Authentic Lessons for 21st Century Learning

Comparing/Contrasting Characters Through Two-Voice Poems


K20 Center, Shannon Donoghue | Published: May 25th, 2022 by K20 Center

  • Grade Level Grade Level 9th, 10th
  • Subject Subject English/Language Arts
  • Course Course
  • Time Frame Time Frame 2-4 class period(s)
  • Duration More 150 minutes


Students will activate prior knowledge and make connections to the post-WWII era in America by looking at images from the time period. In addition, students will read poems that depict contrasting points of view from the decade (the point of view of an American versus a Holocaust survivor resettled in America.) Then, students will read the short story "Adam" by Kurt Vonnegut and complete a Venn diagram with details from the story in order to track the development of characters. Finally, students will work in pairs to create and perform two-voice poems that reveal the characterization of the two contrasting figures in the story. This lesson may be adapted to fit any text where characterization plays a role.

Essential Question(s)

How do authors develop characters over the course of a text?



Students draw a character name and sit in a group of four, complete a Quick Write over the essential question, and then analyze images related to the historical context.


Students will read poems in their small groups and draw conclusions, then, as a class, compare and contrast the differing points of view.


Next, students will read the short story "Adam" and fill out half of a Venn diagram, focusing on physical descriptions, dialogue, character thoughts and feelings, and the narrator's comments about their character.


Students will break out of their small groups to create new partner groups. In pairs, students will complete both sides of their Venn diagram and then continue working in pairs to write a Two-Voice Poem using a provided template.


Students will perform their poems, and, as a final assessment, write a paragraph re-addressing the essential question using textual evidence from the story.


  • Basket/cup/etc. with slips of paper that read "Sousa" or "Knechtmann" (attached)

  • Three poems about American post-war culture: "Little Boxes," "Baby Boomers," and "Young Mantle Hits One" (attached; one per group)

  • Three poems about Holocaust Survival: "The Action in the Ghetto of Rohatyn, MARCH 1942," "The Creed of a Holocaust Survivor," and "I Wish" ((attached; one per group)

  • Images (attached; two per group of students)

  • "Adam" by Kurt Vonnegut short story (attached; one per student; also available in the Oklahoma Literature book, page 1122.)

  • Venn diagram graphic organizer (attached; one per student)

  • Two-Voice Poem template (attached; one per student)

  • Optional: Video example of Two-Voice Poem (Link:

  • Optional: Technology to record student performances

  • Writing materials: pens, pencils, paper, etc.


Using the attached Character Labels handout, prepare slips of paper, either handwritten or printed, with the name "Mr. Sousa" or the name "Mr. Knechtmann" on each and place them in a basket or cup. Print the signs reading “Mr. Sousa” and Mr. Knechtmann” from the same handout.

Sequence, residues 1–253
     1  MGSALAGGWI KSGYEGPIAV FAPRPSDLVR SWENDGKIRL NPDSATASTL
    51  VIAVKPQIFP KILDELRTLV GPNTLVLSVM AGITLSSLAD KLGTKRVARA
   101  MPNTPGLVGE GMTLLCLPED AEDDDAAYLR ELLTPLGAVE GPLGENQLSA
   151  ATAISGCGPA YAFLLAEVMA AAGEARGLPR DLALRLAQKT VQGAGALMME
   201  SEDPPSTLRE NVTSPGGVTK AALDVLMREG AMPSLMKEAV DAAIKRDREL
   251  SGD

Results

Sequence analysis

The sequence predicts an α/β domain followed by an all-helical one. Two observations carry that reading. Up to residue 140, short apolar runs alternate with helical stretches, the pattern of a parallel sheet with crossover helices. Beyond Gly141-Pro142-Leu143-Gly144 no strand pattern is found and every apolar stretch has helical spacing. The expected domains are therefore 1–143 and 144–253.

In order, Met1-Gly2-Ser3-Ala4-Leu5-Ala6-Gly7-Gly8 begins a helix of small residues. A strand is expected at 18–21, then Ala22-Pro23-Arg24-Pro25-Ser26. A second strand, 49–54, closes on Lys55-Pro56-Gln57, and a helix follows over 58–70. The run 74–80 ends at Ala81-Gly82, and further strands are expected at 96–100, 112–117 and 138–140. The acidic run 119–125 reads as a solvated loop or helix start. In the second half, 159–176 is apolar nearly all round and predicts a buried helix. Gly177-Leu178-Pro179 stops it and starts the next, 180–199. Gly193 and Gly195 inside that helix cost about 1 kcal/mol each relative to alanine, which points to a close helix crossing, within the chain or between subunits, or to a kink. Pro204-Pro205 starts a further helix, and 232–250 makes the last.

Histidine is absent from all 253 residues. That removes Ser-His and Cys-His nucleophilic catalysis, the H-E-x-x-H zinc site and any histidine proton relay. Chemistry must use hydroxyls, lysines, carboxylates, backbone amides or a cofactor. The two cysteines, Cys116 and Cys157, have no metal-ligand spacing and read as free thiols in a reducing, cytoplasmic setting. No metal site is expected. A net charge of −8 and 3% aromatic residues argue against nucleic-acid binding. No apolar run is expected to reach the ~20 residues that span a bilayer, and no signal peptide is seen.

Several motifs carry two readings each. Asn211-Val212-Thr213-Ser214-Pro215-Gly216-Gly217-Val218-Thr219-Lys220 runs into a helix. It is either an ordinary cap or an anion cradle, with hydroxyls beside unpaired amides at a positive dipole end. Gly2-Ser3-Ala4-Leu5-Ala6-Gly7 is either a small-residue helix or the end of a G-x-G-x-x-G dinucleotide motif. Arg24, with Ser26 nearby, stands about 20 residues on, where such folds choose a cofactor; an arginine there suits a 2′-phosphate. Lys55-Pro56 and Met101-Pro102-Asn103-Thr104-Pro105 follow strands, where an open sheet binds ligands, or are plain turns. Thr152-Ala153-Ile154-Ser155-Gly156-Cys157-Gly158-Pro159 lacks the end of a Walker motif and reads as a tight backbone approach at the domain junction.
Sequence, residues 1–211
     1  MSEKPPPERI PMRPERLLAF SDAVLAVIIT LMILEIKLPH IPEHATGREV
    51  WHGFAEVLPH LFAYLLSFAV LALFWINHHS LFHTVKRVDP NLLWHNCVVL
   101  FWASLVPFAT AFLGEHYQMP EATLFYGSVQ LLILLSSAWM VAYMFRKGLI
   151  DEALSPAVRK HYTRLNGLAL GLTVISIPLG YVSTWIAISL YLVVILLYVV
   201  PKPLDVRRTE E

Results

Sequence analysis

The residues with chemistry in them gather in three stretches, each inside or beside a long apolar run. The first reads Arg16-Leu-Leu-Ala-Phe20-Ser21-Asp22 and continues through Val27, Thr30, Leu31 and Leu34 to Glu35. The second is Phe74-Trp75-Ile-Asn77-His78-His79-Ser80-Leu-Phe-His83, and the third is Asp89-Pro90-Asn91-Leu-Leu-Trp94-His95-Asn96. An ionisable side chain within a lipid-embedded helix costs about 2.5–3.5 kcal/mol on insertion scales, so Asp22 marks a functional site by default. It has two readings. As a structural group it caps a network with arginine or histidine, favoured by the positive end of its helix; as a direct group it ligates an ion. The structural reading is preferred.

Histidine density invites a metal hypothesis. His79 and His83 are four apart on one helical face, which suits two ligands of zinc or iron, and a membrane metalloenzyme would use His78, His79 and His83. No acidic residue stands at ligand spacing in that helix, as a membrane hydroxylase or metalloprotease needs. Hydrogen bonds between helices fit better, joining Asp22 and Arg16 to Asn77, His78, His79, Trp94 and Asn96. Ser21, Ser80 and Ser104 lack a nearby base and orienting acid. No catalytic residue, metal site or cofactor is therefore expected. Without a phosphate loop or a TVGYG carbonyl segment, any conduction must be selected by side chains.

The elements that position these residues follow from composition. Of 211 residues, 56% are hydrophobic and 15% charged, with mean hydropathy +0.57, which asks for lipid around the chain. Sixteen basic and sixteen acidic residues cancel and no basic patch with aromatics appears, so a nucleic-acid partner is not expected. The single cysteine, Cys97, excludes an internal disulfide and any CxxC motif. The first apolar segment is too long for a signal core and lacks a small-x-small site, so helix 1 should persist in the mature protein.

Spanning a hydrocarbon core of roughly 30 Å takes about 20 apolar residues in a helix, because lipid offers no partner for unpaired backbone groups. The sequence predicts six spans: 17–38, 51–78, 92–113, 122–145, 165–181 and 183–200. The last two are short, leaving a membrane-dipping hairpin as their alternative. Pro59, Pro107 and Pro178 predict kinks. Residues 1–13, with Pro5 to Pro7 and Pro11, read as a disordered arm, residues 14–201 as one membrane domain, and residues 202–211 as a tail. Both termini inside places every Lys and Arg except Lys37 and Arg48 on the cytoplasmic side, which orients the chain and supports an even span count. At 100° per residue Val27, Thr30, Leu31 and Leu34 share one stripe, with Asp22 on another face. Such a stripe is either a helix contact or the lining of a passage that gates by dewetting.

Prior to class, arrange desks in groups of four. Tape the signs reading "Mr. Sousa" and "Mr. Knechtmann" to each table of desks. Students should sit at a table that correlates with the name that they drew, so they are sitting in homogeneous groups of four students who drew the same name.

Next, ask students to get out a piece (or two) of notebook paper. Tell students that over the next few days, we will be trying to answer this essential question: How do authors develop characters over the course of a text? Write the question somewhere it can stay for the duration on the lesson, which will likely take a few days.

Ask students to copy the question on the top line of their paper. Then, take 3-5 minutes for students to Quick Write, reflecting on the essential question. (Students can write possible answers to the question, other questions this one brings up, where/with what texts they have heard this before, etc.) The goal of a Quick Write is to put pen to paper, get ideas or thoughts on the page, and let students think about the concept on their own before jumping into the text.

Have students pair up and share their ideas, and then ask few students share out with the whole class some of the things they wrote down in their Quick Write. Explain to students that essential questions are very broad, and they can't be fully answered right away. We will come back to the essential question after we do some investigating.

Print out the images on the attached Images handout. Hand out images to students. Ask groups who drew the name “Sousa” to look at the first page of images (1950's Americana). Ask groups who drew the name “Knechtmann” to look at the second page of images (Holocaust/resettlement). Don't tell students the title of the documents so they have to do some inferencing on their own. Ask students to write down predictions about the who, what, when, where, and why of the short story they are going to read later on in this lesson, based on the images provided. (Who do you think the story will be about? What is going to happen? What time period will the story take place in? Where do you think the setting will be? Why do you think an author would write about this topic?) Encourage them to be descriptive and come up with more than simple, one word answers. They should write these answers on their notebook paper, below their Quick Write. Although they are working together, ask all students to write down their own answers so all students are actively engaged.

Have a few students share out predictions to the class again. Sum up the class consensus and then transition to the poems. For example, you might say,"Wow, it looks like most of the class agrees we are going to read about a story where...happens." or "It seems like half of you think the story will be tragic, and the other half thinks the story will be about overcoming hardships." Then say, "Let's look at some poems next to get us thinking about the time period and other possible themes."